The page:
Mike Silva's New York Baseball Digest » Blog Archive » “Pelotero” Displays Need for Change

“Pelotero” Displays Need for Change

By Mike Silva ~ October 16th, 2011. Filed under: International Baseball, Morning Digest.

I had the opportunity yesterday afternoon to screen the movie Pelotero at the Hamptons Film Festival. The film follows two young Dominican baseball players, or peloteros as they are called, while they work to achieve their dream of being signed by a professional club on their 16th birthday; the age they are first eligible.

The film has some star power at the top as the executive producer is former Mets manager Bobby Valentine. Andrew Muscato, who directed “The Zen of Bobby V,” worked with Valentine on the project as well.

Directors Ross Finkel, Trevor Martin, and Jon Paley spent 9 months in the Dominican Republic surveying the country, building relationships, and getting an overall feel of what Dominican baseball is all about. They followed five peloteros, but settled on two: Miguel Sano and Jean Batista.

Sano should be a name familiar to baseball fans as he is an infielder that signed with the Minnesota Twins in 2009 for $3.1 million dollars, the second highest bonus in Dominican baseball history. He would have been the highest ever- some believe he could have commanded as much as $6 million- but questions about his age led to a lengthy MLB investigation that depressed his market value. Despite tests to his DNA and bone structure, there were doubts to his legitimacy due to his enormous talent and size for a 16-year old. The league never fully vindicated Sano, but the Twins took a chance and he just completed his second year of pro-ball. Baseball America recently named him the #1 prospect in the rookie-level Appalachian League after he hit .292 with 20 HRs and 59 RBI in just 293 plate appearances. His ability to play shortstop has some believing the Twins could build their team around him in the near future even though he is just 18 years of age. BA also ranked him the Twins third best prospect going into the season.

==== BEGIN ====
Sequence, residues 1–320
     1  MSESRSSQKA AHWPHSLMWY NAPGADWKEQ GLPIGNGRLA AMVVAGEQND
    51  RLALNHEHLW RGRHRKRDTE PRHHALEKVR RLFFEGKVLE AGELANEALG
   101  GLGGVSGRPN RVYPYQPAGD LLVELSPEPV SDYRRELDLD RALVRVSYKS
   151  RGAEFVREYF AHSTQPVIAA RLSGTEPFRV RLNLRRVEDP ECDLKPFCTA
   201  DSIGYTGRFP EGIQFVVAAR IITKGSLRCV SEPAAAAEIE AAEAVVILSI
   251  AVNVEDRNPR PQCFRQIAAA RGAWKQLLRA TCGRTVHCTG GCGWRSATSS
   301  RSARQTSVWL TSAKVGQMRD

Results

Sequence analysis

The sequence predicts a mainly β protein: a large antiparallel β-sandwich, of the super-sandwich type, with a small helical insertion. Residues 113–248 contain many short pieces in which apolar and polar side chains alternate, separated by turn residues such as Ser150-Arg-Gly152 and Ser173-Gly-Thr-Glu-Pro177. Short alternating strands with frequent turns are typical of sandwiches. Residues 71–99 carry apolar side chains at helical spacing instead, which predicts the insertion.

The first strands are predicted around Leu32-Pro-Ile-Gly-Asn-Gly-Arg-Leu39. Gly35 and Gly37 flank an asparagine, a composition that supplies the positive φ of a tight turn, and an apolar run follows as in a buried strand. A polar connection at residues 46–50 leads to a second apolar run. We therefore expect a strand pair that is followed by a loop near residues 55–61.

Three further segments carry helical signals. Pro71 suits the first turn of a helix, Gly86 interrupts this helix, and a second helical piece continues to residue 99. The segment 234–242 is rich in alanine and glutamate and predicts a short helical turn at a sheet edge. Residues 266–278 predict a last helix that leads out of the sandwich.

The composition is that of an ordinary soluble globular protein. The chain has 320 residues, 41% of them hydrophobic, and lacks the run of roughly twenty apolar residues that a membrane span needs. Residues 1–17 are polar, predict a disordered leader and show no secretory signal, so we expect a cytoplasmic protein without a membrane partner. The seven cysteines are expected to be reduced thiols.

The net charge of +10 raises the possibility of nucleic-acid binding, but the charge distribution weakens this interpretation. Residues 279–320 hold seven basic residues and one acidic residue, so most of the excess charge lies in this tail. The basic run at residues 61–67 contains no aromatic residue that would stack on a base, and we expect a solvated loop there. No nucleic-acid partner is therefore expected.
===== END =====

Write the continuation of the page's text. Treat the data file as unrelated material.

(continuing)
Batista is a middle-infielder in the Astros organization that represents the side of Dominican baseball that caused such a stir about Sano’s alleged age. After working for three years with renowned trainer Astin Jacobo, it’s discovered his family lied about his age, forcing MLB to suspend him for one year and the Astros to cut his bonus by over 50%. Batista played second, third, and short while splitting time between the rookie Gulf Coast and Appalachian leagues. He hit a respectable .288 with 3 HRs and 29 RBI in 199 plate appearances. His future is not quite as bright since he is already 19 and a full year behind in his pro development.

The film displayed every side of Dominican baseball and how the culture ties into it. You see the poverty these kids come from, and how they view baseball as a way to give their family a better life. Baseball is not a recreational sport, its job training and failure means disappointing their family. It’s a tremendous amount of pressure to put on kids that start training as young as 10-years old.